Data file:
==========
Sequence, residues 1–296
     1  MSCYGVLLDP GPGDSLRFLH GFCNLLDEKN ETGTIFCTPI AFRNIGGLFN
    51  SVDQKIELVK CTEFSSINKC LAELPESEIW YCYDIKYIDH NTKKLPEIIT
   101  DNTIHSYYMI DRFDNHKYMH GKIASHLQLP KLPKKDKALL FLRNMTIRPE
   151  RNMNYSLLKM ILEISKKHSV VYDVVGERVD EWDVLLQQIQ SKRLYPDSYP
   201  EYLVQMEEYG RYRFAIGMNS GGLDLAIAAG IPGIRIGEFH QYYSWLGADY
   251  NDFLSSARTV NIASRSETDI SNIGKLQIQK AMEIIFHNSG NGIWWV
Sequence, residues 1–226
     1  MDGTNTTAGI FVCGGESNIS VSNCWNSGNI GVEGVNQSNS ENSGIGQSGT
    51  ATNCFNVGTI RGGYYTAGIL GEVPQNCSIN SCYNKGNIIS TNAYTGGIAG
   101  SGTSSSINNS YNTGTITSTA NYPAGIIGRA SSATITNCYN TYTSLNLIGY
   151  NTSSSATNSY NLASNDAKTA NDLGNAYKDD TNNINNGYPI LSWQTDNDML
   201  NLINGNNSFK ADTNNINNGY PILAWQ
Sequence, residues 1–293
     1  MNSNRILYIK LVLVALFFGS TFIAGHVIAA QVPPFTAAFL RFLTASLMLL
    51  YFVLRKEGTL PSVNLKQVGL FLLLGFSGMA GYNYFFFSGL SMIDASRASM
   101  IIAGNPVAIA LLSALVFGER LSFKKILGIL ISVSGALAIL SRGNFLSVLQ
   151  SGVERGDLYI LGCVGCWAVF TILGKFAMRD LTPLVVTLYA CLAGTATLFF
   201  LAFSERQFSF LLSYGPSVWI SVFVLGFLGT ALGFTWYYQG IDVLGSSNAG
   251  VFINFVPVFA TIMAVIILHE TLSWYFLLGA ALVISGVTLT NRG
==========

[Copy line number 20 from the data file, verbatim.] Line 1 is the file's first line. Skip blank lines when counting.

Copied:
   251  VFINFVPVFA TIMAVIILHE TLSWYFLLGA ALVISGVTLT NRG